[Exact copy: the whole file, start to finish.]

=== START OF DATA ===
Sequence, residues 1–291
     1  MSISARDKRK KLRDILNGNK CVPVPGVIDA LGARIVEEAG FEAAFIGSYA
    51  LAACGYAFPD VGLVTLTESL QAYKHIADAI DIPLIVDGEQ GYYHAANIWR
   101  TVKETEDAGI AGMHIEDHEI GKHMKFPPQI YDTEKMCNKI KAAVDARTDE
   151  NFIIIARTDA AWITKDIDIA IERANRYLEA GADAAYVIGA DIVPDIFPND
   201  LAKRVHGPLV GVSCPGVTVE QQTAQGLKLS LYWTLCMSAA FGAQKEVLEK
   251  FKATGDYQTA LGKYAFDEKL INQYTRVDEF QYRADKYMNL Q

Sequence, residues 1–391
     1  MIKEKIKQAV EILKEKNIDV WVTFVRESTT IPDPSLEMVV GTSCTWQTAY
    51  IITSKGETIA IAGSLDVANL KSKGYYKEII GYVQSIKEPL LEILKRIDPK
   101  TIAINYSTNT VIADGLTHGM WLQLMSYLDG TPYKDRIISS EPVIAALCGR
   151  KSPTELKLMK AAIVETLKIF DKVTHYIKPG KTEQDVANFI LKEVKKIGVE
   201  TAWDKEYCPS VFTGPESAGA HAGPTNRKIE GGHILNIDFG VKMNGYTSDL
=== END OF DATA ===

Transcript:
Sequence, residues 1–291
     1  MSISARDKRK KLRDILNGNK CVPVPGVIDA LGARIVEEAG FEAAFIGSYA
    51  LAACGYAFPD VGLVTLTESL QAYKHIADAI DIPLIVDGEQ GYYHAANIWR
   101  TVKETEDAGI AGMHIEDHEI GKHMKFPPQI YDTEKMCNKI KAAVDARTDE
   151  NFIIIARTDA AWITKDIDIA IERANRYLEA GADAAYVIGA DIVPDIFPND
   201  LAKRVHGPLV GVSCPGVTVE QQTAQGLKLS LYWTLCMSAA FGAQKEVLEK
   251  FKATGDYQTA LGKYAFDEKL INQYTRVDEF QYRADKYMNL Q

Sequence, residues 1–391
     1  MIKEKIKQAV EILKEKNIDV WVTFVRESTT IPDPSLEMVV GTSCTWQTAY
    51  IITSKGETIA IAGSLDVANL KSKGYYKEII GYVQSIKEPL LEILKRIDPK
   101  TIAINYSTNT VIADGLTHGM WLQLMSYLDG TPYKDRIISS EPVIAALCGR
   151  KSPTELKLMK AAIVETLKIF DKVTHYIKPG KTEQDVANFI LKEVKKIGVE
   201  TAWDKEYCPS VFTGPESAGA HAGPTNRKIE GGHILNIDFG VKMNGYTSDL